Parenting Progress Report

report-cardThe automated call came:

Hello parents and students. Parent/teacher conferences will be held Monday. Teachers will be in the cafeteria from 4-6 pm and in their classrooms from 7-9 pm. Come find out if you’re succeeding as a parent, or stinkin’ it up.

I added that last part, but that’s pretty much how parent/teacher conferences feel for parents, right?

We can’t help but equate how we’re doing as parents on some level by the academic performance of our children, which is a terrible barometer really. I mean, two of my children do very well in math and there’s no parental or genetic reason to explain it.

The one who stinks at math is understandable because she’s the result of parent/child exchanges like this:

“Do your math homework! Your grade is terrible in that class.”

“No! I don’t get it and you can’t help me because you don’t get it, and I’ve heard you say you never used that crap in real life anyway.”

Definite “Bad Mom Award” there.

The fact is, you can find out how your kids are doing in school anytime by going online to PowerSchool, so why even have PT conferences? Well, I believe there’s value in face-to-face interaction between the parties invested in shaping the future generation. So I go to see how my kids—and I—are doing.

With two kids in high school this year, I had twelve teachers to see in two hours. I was determined to do it all during the cafeteria hours because going to each classroom is annoying. Yeah, my kids do it everyday, but they’re young, spry and legally required.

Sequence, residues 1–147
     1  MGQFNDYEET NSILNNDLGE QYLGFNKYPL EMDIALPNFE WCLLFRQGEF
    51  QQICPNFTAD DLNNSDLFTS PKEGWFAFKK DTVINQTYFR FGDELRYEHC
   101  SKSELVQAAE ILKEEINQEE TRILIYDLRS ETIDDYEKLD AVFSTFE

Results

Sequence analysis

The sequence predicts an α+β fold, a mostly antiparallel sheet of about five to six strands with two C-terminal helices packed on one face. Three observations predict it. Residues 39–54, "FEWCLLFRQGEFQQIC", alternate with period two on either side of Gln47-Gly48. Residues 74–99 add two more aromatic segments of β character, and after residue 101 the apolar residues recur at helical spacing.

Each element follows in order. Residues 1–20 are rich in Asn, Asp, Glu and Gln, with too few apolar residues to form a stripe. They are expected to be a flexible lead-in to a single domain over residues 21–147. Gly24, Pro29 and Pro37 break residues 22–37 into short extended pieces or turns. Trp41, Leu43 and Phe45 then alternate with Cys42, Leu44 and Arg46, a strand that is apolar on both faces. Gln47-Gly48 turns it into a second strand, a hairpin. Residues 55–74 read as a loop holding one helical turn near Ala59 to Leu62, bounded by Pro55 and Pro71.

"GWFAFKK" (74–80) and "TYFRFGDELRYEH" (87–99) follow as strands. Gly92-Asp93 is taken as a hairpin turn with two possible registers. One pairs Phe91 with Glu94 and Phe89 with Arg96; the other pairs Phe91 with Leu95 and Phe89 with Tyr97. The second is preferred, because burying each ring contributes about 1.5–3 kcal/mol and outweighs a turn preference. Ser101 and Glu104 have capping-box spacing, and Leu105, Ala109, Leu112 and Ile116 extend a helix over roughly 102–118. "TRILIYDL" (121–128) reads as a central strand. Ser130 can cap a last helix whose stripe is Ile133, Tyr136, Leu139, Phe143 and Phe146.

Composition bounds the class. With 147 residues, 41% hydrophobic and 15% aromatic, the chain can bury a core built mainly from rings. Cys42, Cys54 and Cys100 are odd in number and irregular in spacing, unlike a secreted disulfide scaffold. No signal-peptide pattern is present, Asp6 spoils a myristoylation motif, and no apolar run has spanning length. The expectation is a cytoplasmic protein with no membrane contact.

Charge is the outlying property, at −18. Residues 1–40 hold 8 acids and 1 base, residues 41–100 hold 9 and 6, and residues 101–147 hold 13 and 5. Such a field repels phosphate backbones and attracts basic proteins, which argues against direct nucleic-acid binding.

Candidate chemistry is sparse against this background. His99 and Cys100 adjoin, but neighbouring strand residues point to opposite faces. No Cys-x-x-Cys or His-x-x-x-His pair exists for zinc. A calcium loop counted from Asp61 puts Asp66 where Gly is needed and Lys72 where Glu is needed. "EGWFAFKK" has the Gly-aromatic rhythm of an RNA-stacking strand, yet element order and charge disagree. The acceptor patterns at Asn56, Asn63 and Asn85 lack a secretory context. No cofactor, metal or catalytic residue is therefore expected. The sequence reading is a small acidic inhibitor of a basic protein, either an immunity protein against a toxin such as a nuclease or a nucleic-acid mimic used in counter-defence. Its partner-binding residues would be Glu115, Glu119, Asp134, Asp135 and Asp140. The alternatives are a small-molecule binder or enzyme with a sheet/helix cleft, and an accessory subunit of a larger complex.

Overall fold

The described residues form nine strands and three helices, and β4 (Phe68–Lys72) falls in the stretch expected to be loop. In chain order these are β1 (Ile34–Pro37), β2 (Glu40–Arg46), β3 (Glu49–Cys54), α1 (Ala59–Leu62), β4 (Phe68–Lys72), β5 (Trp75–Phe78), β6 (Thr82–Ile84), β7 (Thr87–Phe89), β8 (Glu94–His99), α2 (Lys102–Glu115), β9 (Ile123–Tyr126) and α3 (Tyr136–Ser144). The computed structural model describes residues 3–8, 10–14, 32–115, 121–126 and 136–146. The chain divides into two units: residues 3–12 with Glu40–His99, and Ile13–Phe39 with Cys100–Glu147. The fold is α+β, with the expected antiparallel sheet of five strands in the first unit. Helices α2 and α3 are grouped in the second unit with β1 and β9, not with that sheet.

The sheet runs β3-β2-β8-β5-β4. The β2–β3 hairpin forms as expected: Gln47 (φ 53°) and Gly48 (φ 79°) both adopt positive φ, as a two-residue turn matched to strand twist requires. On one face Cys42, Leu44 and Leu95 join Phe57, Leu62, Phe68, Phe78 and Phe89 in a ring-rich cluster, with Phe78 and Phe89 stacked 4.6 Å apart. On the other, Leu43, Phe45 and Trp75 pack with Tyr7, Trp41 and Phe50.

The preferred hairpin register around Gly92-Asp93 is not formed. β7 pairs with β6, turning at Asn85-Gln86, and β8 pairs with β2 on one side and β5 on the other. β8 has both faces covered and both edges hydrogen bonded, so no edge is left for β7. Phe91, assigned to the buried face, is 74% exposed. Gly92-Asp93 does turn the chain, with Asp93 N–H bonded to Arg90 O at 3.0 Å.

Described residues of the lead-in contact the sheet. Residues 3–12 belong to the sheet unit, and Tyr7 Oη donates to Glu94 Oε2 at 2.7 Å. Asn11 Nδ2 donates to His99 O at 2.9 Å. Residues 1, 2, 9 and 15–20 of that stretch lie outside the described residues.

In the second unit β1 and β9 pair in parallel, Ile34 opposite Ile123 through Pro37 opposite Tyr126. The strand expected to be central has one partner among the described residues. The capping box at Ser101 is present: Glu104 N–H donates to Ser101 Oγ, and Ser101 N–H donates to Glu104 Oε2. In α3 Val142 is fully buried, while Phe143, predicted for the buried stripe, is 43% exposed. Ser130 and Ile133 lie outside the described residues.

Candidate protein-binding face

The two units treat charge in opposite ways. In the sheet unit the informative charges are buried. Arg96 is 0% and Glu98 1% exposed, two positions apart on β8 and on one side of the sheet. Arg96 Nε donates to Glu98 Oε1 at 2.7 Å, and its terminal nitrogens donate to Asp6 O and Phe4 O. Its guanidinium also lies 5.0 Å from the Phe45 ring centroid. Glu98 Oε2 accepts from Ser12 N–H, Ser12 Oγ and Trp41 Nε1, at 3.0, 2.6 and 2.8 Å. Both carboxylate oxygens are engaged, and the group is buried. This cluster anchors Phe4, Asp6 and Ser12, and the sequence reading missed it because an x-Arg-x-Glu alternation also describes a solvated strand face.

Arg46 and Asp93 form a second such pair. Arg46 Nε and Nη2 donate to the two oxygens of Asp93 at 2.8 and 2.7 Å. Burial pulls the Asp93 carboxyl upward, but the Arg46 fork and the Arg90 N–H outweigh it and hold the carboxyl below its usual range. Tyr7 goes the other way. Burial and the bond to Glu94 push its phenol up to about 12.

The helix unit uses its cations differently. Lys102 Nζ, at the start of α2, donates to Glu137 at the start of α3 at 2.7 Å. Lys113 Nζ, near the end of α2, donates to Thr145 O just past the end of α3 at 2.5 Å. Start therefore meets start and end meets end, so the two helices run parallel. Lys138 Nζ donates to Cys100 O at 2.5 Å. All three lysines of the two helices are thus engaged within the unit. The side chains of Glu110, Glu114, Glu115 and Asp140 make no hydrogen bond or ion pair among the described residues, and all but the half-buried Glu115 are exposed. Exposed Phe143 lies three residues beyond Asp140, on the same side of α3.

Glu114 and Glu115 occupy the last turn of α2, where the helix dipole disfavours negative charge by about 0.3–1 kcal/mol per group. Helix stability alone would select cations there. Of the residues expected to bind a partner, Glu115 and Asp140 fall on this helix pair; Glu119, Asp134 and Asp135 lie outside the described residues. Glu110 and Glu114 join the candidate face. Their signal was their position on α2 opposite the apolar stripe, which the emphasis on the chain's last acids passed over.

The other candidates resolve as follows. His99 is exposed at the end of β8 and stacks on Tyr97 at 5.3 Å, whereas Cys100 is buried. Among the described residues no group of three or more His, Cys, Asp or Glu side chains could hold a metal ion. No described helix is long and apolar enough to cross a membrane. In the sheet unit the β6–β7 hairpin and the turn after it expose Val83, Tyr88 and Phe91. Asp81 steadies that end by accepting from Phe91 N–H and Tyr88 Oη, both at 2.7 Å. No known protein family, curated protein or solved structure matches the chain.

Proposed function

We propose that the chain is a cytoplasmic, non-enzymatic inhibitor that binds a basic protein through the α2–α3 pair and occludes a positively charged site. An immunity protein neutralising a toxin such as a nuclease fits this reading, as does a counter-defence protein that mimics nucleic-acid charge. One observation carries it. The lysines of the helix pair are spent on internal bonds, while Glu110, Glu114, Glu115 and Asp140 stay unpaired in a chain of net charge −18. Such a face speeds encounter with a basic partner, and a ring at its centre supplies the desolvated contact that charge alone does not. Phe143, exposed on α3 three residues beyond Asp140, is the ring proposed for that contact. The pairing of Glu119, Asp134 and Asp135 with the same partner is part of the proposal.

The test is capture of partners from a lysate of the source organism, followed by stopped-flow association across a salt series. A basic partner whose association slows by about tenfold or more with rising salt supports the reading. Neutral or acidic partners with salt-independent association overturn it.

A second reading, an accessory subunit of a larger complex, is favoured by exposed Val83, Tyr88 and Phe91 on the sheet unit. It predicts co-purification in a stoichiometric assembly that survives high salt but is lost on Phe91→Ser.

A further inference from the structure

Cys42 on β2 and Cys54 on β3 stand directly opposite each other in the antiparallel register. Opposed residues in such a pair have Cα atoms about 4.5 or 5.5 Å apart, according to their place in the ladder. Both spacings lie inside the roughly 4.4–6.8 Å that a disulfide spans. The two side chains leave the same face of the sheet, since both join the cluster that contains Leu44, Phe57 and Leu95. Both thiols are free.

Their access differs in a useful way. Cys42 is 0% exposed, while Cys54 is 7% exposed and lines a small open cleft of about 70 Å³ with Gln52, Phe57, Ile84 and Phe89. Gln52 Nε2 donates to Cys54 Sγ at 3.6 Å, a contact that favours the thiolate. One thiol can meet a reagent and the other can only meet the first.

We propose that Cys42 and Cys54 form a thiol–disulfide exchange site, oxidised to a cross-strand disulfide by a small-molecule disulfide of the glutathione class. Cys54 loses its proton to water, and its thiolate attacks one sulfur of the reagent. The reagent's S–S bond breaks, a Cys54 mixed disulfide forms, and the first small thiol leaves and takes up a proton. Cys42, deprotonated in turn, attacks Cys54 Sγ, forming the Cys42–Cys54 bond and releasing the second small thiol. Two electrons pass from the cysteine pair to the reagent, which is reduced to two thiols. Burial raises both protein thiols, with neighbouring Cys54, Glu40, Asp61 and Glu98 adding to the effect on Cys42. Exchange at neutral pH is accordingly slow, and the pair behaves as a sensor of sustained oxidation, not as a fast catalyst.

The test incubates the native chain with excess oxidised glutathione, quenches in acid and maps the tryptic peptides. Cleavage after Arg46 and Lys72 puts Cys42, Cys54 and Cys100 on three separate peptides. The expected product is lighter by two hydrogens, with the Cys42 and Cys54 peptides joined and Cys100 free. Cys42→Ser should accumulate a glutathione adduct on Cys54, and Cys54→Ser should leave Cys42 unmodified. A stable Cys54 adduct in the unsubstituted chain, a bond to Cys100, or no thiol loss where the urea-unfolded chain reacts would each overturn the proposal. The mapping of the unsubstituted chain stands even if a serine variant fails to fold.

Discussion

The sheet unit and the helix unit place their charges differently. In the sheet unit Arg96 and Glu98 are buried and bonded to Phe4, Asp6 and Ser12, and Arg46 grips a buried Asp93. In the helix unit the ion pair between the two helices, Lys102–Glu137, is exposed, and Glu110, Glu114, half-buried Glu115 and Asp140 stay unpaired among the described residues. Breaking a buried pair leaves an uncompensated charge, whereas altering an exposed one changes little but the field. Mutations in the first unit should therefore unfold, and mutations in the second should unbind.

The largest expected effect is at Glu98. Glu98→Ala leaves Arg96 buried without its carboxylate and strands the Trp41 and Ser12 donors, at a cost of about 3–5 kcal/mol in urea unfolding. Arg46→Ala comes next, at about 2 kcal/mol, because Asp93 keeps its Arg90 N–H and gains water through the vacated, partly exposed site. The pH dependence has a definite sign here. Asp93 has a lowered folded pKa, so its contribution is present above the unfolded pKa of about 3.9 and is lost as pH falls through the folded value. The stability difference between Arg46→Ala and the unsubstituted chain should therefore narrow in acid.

When I go to PT conferences I usually make my kids come with me. If they’re doing well, it’s good for them to hear praise directly from their teachers. If they’re tanking, then it’s good for them to hear from an outside party that their mother is right. My daughter couldn’t come this time because she had to work and my son was refusing to go, but not because his grades were bad.

His reasoning was, “Mom, I’m getting all A’s and a B+ so all my teachers are going to say, ‘Your son is pretty awesome!’ which I already know so I don’t need to go.”

I explained to him that it might be nice to hear his teachers say he’s pretty awesome in person and in front of his mother, but apparently his ego is sufficiently inflated.

Unfortunately, I didn’t get around to all twelve teachers, but the ones I talked to did tell me my kids are pretty awesome, which is nice to hear from others every once in a while. Their opinion isn’t tainted by knowing what their bedrooms look like, or how many times they have to be reminded to bring the garbage can up from the road.

So, for now, I feel like a good parent.

I don’t know that I deserve it necessarily, but I’ll take it anyway. I’ll need it the next time I call my son to tell him I’m coming to pick him up at a friend’s house and he tells me not to get out of the car if I’m wearing exercise clothes.

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